Central Nervous System

PD 03 - CNS 1 - Poster Discussion - Toxicity and Quality of Life

1023 - TRAIT (Treatment-Related Alterations In Thinking): A Prospective Longitudinal Study Assessing Mild Cognitive Impairment in Irradiated Brain Tumor Patients

Sunday, October 21
5:15 PM - 5:21 PM
Location: Room 217 A/B

TRAIT (Treatment-Related Alterations In Thinking): A Prospective Longitudinal Study Assessing Mild Cognitive Impairment in Irradiated Brain Tumor Patients
C. K. Cramer1, W. H. Wheless2, E. McTyre1, S. Isom3, W. Hinson4, S. R. Rapp5, L. D. Case3, T. L. Cummings6, G. J. Lesser7, M. D. Chan1, E. G. Shaw8, C. T. Whitlow9, and A. M. Peiffer10; 1Department of Radiation Oncology, Wake Forest School of Medicine, Winston-Salem, NC, 2Wake Forest School of Medicine, Winston-Salem, NC, 3Department of Biostatistical Sciences, Wake Forest School of Medicine, Winston-Salem, NC, 4Wake Forest Baptist Medical Center, Winston Salem, NC, 5Department of Psychiatry and Behavioral Medicine, Wake Forest School of Medicine, Winston-Salem, NC, 6Department of Neurology, Wake Forest School of Medicine, Winston-Salem, NC, 7Department of Hematology & Oncology, Wake Forest School of Medicine, Winston-Salem, NC, 8Department of Gerontology and Geriatric Medicine, Wake Forest School of Medicine, Winston-Salem, NC, 9Department of Radiology, Wake Forest School of Medicine, Winston-Salem, NC, 10Wake Forest Baptist Medical Center, Winston-Salem, NC

Purpose/Objective(s): Radiation-induced cognitive decline (RICD) is a late effect of brain radiation therapy (RT) occurring in a substantial number of brain tumor survivors. The aim of this study was to 1) report the incidence of Mild Cognitive Impairment (MCI) after RT with prospectively collected cognitive data and 2) evaluate patient characteristics and dosimetric parameters associated with development of MCI after RT.

Materials/Methods: Patients ≥ 18 years old with primary and metastatic brain tumors scheduled to receive ≥ 30 Gy and with a life expectancy > 12 months were eligible. Patients participated in a cognitive battery measuring memory, attention, executive function, visuospatial ability, and dexterity prior to RT and 1, 3, 6, 12, and 24 months after RT (CCCWFU #98511). For this analysis, patients were designated as MCI or non-MCI at each time point using standardized criteria that included a subjective cognitive complaint on the FACT-Brain scale and a cognitive deficit ≥ 1.5 SD below norm on ≥ 1 cognitive test without any functional impairment in performing activities of daily living. Patients were categorized as never MCI, baseline MCI, transient MCI (became MCI but then recovered to non-MCI status), and persistent MCI (became and remained MCI). Baseline patient characteristics and cognitive data were compared between groups using t, Kruskal-Wallis, and exact tests. For dosimetric analysis, anatomic segmentation of regions of interest was performed by registering each baseline T1 MRI and RT dose file to a template brain atlas and manually edited for accuracy. Logistic regression was performed in a voxelwise fashion for the binary outcome of MCI category vs. dose.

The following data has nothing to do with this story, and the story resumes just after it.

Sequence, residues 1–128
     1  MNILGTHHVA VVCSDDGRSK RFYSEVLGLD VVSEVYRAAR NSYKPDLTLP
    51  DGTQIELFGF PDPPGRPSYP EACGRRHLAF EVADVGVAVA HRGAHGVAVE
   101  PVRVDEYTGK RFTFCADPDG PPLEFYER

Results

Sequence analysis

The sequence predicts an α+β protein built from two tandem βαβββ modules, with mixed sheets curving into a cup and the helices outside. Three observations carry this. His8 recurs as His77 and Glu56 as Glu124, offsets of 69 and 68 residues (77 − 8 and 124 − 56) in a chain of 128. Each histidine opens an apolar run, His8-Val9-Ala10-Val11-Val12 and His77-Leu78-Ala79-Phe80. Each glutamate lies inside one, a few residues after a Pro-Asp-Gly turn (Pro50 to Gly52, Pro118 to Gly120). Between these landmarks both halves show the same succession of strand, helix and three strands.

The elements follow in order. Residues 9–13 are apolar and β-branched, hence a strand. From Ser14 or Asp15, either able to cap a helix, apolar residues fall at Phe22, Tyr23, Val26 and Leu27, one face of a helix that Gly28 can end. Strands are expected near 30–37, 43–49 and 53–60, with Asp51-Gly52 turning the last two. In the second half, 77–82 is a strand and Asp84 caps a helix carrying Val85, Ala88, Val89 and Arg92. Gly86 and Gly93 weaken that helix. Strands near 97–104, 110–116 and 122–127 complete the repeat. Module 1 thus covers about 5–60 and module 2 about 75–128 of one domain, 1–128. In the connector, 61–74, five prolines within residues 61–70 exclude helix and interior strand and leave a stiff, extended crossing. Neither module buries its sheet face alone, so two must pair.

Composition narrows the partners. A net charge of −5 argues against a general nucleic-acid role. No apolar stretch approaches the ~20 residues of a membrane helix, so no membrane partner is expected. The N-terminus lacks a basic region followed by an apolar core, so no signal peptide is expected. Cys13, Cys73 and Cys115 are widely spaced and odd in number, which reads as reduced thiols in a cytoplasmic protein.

Results: From 2012-14, 33 patients were enrolled. 60% were female and 40% male with a mean age of 49. 55% had 12-16 years of education. 32 patients had baseline and post-RT cognitive data and were eligible for analysis. At baseline pre-RT, 5 (16%) met criteria for MCI. 10 (32%) patients were categorized as never MCI, 4 (12.5%) as transient MCI, and 13 (40%) as persistent MCI. No demographic variables were statistically different between groups. Baseline measures of attention and executive function (Trail Making A & B scores) were statistically higher in the never MCI patients v. persistent MCI patients (p=0.0235 and 0.0054). Voxelwise logistic regression for MCI category v. dose showed a significant relationship (p<0.05) in the precentral gyrus, insular cortex, precuneus cortex, corpus callosum, posterior cingulate gyrus, subventricular zones, and hippocampi.

Conclusion: In this cohort, patients who developed MCI after RT had statistically lower scores at baseline on measures of attention and executive function compared to those who maintained normal cognition. Multiple anatomic regions within the brain showed a dose-dependent relationship with the development of post-RT MCI.

Author Disclosure: C.K. Cramer: Honoraria; Qfix. W.H. Wheless: None. E. McTyre: Employee; Wake Forest University Baptist Medical Center. S. Isom: None. W. Hinson: None. T.L. Cummings: None. G.J. Lesser: None. M.D. Chan: Honoraria; Elekta. Advisory Board; Novocure.

Christina Cramer, MD

Wake Forest Baptist Medical Center

Disclosure:
Compensation
Qfix: Honoraria

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